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Ann Pettifor

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For Today's Media the Economic Crisis Is Yesterday's Story

Posted: 10/07/09 03:51 PM ET

Could it be that all those 'top stories' in the media are just for the top people?

The media -- with the Huffington Post an honorable exception -- appears to have a blind spot for the suffering of Joe, the now chronically unemployed plumber, and an equal disregard for Josephine, that hard-working homeowner who was evicted from her foreclosed home.

According to a broad survey of print, broadcast and online media by the Pew Research Center, the media has lost interest in stories that go beyond Washington and New York -- including coverage of the suffering of millions of everyday Americans living the reality of this economic crisis.

So perhaps it's not surprising that "Covering the Great Recession -- How the Media Have Depicted the Economic Crisis" has been largely ignored by the media itself. After all, their major concerns, it seems, are with the few in banking, institutions and big business, not with the many enduring the pain of the crisis.

"Covering the Great Recession" shows that while news of billions of dollars for bank bail-outs, the administration's stimulus, and the auto industry dominated, people in the media were far less engrossed in the issue that affects the lives of millions of Americans: unemployment.

News of job losses, according to Pew's research "filled just 6% of the newshole."

Having a roof over their heads is of immense importance to people across the country. And given the high burden of debt borne by most homeowners, movements in house prices are of nail-biting concern. Furthermore mortgage defaults and falling house prices were both the trigger of the crisis, and have since been in the very eye of the financial storm.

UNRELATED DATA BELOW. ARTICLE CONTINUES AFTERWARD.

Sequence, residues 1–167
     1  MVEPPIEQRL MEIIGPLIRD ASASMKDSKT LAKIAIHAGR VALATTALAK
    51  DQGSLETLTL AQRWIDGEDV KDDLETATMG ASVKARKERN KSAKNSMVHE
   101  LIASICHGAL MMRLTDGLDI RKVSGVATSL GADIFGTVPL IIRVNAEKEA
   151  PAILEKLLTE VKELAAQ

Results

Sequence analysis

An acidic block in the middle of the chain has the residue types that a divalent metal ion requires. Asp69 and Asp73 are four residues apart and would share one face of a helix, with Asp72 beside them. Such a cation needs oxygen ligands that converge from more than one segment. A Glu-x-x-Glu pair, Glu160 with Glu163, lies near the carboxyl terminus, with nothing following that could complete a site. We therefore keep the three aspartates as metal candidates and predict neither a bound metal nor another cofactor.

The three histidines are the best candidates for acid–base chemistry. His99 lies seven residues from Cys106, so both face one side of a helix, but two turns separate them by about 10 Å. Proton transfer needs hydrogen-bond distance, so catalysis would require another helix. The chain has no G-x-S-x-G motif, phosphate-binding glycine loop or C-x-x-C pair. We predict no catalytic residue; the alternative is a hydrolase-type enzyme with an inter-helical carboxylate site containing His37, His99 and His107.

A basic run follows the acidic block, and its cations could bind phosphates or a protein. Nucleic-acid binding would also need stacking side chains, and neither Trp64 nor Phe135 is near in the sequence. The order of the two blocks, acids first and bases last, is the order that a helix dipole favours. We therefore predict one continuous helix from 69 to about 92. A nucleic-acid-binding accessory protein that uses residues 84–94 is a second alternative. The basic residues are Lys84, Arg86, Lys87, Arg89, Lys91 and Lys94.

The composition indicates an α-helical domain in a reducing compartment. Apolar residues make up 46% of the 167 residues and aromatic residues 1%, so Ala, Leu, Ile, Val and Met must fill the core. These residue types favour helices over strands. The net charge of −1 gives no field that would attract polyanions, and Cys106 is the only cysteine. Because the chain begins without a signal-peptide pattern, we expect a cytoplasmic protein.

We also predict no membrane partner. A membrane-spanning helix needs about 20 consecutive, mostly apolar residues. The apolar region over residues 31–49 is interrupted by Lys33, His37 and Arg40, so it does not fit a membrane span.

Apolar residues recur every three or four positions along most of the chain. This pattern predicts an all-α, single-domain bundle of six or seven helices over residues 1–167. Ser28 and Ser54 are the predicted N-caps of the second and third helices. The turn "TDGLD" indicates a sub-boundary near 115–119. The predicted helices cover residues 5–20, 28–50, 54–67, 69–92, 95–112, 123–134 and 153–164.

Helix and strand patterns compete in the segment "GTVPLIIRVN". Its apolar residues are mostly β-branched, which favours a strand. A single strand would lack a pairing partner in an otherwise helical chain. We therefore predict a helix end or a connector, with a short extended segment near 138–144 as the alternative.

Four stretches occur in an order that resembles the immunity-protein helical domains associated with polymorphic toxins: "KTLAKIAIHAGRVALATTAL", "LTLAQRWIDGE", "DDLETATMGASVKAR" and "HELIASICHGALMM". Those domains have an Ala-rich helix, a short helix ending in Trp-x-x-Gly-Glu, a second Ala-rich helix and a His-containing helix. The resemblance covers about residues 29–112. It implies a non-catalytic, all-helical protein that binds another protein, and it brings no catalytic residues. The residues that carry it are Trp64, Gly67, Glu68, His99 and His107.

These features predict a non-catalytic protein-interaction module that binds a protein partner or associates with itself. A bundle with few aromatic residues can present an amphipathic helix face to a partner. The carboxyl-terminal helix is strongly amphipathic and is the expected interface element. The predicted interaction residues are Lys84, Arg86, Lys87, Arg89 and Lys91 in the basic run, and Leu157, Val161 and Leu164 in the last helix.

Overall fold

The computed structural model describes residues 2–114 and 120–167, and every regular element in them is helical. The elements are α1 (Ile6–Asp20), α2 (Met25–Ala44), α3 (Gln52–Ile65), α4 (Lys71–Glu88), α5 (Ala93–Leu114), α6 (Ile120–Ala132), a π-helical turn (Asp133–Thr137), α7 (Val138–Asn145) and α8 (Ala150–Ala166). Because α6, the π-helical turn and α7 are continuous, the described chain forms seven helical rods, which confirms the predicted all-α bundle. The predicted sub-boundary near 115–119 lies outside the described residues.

Yet housing and foreclosures made up just 6 percent of the total economic newshole and the high-water mark of media coverage of housing issues occurred back in February.

One can only assume that the media considers the housing and foreclosure crisis over.

While bankers continually grabbed the media limelight, stories exposing the devastating impact of this "Bankers Recession" on ordinary Americans were reflected in only 5 percent of the economic coverage by news media that the Pew Research Center tracked.

The bankruptcies and failures of the industries that grow, make, produce and distribute the goods and services vital to the real economy, barely got a look-in from the press: only 4 percent of coverage.

Our ongoing 'Bankers' Recession' is a top-down crisis, and unsurprisingly it turns out that this crisis is reported by the media in a top-down way. While we hear a lot about bank bail-outs in Washington and stock market moves in New York , there is far too little about the debt virus that is mutating into a pandemic of bankruptcies, foreclosures and unemployment in the inner cities, suburbs and rural areas outside of these two conurbations.

While the media keep us informed of measures to bail out the rich and powerful, with good tidings of how those at the top are recovering from the crisis, there is little about the suffering of people in the middle and at the bottom.

This might help to explain the widespread confusion as to what is really going on in the economy.

And it might explain why, despite the fact that a quarter of a million Americans lost their jobs last month, many have been persuaded by the media that the recession is yesterday's story.

 

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